It's always a bad idea to fraternize with the enemy, and even worse, to fraternize with the enemy's fans, but for the sake of getting to know the Phils' current opponents, the first place New York Mets, I traded interviews with the author of the Mets Today blog. My responses to his questions about the Phillies are available here. You can find his answers about a few burning Mets questions below the fold. (After reading his last answer, are Mets' fans and Phillies' fans really that different?)
1) Can the Mets sustain the amazing defensive play that has been part of their early season success?
That's a very interesting angle, and it is definitely a part of the Mets' success. I'm surprised the stats are that telling, because though I'd seen the improvement with my own eyes, the modern uber-numbers usually dispel my old-school observations/analysis. That said, my mythical/subjective opinion of the defense, based solely on my eyewitness account of the last two years:
1. When Endy Chavez and Carlos Beltran are in the outfield together, there are more flyball outs.
2. Jose Reyes was once a guy who could make the spectacular play, but botch the easy one. He's now making the routine plays, and may make a run for a Gold Glove in the next few years.
3. David Wright is underrated as a defensive player, and nearly all of his miscues are throwing errors --- mainly due to a two-smack pound in the glove he does before he lets go of the ball. He's gradually eliminating that hitch, and making less throwing errors as a result.
4. Carlos Delgado's range is hampered by the fact that he wears cement boots and the first base area is made of oatmeal (isn't it?). However, he is remarkably effective at scooping throws in the dirt. It seems that he saves at least two throwing errors a game, making up for his lack of range.
5. Paul LoDuca has worked extensively on his footwork with catching coach Tom Nieto, and is throwing better now than he ever has in his career.
So based on the above, yes, I do believe that the Mets can sustain their strong defense, mainly because Wright and Reyes continue to improve and Beltran is solid in center. However, when Shawn Green and Moises Alou return, we'll see more balls drop for hits in the outfield. The weakest link on the defense right now is Damion Easley, who may have less range than Delgado and carries a bullfrog in his glove --- though the stats don't bear out my criticism. No matter, because Jose Valentin will be back soon, and he has evolved into a very strong defensive player (though we'll see how his injured knee will affect his play).
2) With Shawn Green and Moises Alou on the DL and Carlos Beltran hurting, is the Mets' outfield their Achilles' heel?
Not so much the outfield as much as the lack of offense. Strong defense in the outfield has helped the Mets considerably, and that's due to Chavez and Carlos Gomez playing instead of Green and Alou. Gomez has tremendous speed, range, and polish in the field --- unfortunately he's nowhere near ready to contribute at a level of an Alou or Green. If the Mets would improve their situational hitting --- i.e., taking pitches, moving runners, getting bunts down, etc. --- they wouldn't miss Alou and Green as much.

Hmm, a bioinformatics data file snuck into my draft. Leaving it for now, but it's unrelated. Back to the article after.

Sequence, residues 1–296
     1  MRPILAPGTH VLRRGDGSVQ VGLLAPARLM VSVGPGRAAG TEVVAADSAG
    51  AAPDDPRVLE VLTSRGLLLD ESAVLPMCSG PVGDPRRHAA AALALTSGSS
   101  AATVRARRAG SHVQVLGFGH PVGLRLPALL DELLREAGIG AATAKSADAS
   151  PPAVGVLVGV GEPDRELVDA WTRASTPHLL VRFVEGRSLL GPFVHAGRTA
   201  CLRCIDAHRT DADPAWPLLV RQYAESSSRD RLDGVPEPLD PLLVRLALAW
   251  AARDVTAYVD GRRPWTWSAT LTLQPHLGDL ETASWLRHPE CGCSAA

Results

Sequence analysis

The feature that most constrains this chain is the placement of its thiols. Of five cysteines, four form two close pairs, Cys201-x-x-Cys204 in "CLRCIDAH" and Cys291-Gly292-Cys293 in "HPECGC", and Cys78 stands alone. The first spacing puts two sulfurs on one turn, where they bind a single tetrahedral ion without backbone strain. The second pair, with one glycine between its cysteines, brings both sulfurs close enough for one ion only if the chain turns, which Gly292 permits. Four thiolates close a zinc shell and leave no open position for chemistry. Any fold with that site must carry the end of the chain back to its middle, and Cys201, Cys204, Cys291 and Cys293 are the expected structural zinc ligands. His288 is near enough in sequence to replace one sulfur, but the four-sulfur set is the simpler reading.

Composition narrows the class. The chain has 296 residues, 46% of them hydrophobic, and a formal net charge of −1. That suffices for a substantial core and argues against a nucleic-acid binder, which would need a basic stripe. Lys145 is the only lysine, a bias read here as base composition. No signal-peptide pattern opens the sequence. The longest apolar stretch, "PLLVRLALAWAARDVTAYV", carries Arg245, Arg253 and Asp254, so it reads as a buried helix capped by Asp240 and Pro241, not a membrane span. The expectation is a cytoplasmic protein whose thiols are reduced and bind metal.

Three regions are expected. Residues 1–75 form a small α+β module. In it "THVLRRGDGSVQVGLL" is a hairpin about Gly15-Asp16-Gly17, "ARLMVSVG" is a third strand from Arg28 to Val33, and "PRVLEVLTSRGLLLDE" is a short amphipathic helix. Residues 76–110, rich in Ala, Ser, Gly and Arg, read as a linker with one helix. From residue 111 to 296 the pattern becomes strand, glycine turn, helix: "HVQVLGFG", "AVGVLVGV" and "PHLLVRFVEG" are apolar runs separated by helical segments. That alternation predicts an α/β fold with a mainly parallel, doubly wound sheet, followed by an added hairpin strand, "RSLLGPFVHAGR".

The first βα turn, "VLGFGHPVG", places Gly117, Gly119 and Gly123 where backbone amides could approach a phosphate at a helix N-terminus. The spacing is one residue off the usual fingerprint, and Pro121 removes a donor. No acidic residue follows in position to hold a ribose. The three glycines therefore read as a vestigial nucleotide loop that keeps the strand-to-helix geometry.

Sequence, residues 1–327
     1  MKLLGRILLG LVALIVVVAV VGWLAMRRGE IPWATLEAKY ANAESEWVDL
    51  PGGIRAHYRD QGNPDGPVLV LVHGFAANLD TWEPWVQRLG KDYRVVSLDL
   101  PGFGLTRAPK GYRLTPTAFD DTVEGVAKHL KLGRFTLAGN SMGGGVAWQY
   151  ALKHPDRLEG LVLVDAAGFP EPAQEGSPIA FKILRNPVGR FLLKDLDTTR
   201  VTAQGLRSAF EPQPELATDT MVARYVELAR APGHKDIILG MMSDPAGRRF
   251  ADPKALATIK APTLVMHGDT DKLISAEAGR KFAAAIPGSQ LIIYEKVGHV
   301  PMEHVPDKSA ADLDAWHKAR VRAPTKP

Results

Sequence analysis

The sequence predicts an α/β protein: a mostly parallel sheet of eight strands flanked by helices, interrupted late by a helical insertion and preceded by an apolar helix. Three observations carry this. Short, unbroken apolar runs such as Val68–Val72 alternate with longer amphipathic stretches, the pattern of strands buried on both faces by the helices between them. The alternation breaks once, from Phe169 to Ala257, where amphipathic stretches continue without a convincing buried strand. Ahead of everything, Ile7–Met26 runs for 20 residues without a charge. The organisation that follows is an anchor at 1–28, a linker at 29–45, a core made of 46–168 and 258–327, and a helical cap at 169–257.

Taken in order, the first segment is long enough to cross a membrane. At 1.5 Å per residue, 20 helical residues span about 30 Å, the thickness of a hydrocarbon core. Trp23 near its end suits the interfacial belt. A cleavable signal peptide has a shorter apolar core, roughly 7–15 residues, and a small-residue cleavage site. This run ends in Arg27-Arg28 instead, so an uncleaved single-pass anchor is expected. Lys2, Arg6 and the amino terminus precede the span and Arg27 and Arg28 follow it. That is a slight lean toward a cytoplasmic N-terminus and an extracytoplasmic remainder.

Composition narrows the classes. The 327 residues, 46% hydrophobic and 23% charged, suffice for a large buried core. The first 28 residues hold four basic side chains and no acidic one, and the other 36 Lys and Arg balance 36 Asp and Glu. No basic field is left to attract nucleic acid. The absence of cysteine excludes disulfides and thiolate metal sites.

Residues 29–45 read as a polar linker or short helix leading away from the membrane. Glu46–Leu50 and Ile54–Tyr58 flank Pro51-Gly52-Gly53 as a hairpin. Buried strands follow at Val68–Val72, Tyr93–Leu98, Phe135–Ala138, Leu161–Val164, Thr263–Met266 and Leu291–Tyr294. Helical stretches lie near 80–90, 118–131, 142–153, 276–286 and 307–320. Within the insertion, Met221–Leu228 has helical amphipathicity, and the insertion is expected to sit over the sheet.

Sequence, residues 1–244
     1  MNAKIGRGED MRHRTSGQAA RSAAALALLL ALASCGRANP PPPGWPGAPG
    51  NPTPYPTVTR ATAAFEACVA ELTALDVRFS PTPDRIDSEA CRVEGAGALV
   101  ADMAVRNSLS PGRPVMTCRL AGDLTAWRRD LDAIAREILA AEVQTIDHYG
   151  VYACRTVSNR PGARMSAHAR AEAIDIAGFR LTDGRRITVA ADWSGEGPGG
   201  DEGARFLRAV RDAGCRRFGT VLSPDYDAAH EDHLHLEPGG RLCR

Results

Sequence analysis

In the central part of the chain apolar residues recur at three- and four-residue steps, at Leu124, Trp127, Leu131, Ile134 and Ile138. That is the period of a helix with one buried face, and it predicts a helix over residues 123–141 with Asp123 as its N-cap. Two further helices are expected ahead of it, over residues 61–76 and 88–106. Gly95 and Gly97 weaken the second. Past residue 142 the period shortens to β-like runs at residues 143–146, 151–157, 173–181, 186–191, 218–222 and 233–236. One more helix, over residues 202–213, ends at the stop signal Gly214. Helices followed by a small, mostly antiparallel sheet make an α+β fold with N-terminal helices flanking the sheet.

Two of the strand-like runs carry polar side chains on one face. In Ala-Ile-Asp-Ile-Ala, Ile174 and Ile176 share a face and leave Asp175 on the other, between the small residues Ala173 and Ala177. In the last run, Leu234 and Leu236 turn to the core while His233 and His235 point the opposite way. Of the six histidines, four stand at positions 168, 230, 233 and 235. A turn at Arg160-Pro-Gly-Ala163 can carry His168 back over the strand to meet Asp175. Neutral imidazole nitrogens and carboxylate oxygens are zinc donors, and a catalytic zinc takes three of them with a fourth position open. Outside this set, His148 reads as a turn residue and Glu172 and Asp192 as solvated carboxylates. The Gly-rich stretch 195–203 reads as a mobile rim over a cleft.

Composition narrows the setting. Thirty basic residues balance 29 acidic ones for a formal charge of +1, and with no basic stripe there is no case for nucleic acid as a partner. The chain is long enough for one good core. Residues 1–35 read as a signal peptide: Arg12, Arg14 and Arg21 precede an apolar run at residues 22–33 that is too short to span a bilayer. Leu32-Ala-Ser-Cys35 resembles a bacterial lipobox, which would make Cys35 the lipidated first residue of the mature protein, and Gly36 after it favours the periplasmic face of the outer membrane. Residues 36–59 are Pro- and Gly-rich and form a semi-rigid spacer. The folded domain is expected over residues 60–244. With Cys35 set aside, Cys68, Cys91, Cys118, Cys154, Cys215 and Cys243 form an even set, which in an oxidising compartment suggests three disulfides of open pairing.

3) In 50 years, which tandem will be remembered more in New York baseball lore: Alex Rodriguez and Derek Jeter or David Wright and Jose Reyes?
C'mon, that's an easy one --- Wright and Reyes. A-Rod will be on the West Coast next year and still not winning any rings.
4) Who'd the Mets pay off to get sub-3.00 ERAs for almost 30 starts from Oliver Perez, John Maine, and Orlando Hernandez and how long was the bargain for?
The Devil wears Prada, and New York has plenty fashionable items to offer Satan in return for remarkable pitching. In all seriousness, Oliver Perez is for real --- he has no-hit stuff nearly every time he goes out there, and is learning to pitch as opposed to simply throw. Maine's fallen back to earth recently, but is still a strong 6-7-inning guy who will win with the Mets' offense behind him. As for El Duque, let's just say I'm always on the edge of my seat, waiting for his arm to follow the ball on a pitch. I have no idea how he continues to baffle batters AND remain healthy. Voo-doo, maybe (the Mets do have a AAA team in N'Awlins now).
5) How's it feel being THE baseball team in New York right now?
Sweet, though a little strange --- it's been a while since we've been in this spot. I've been practicing the smug look that Yankee fans have flashed the last ten years, and starting to get it down (you have to kind of purse your lips and tweak the corners of your mouth up, and tilt your head back a bit --- which gets uncomfortable after a while). I was around for the last time the Mets owned NYC, in the mid-1980s, and the feeling is similar: part happiness, part paranoia that it's all going to come crashing down. For some reason, the majority of Mets fans are pessimists, and/or prefer to be supporting an underdog. Nonetheless, there is great joy in watching Yankee fans panic.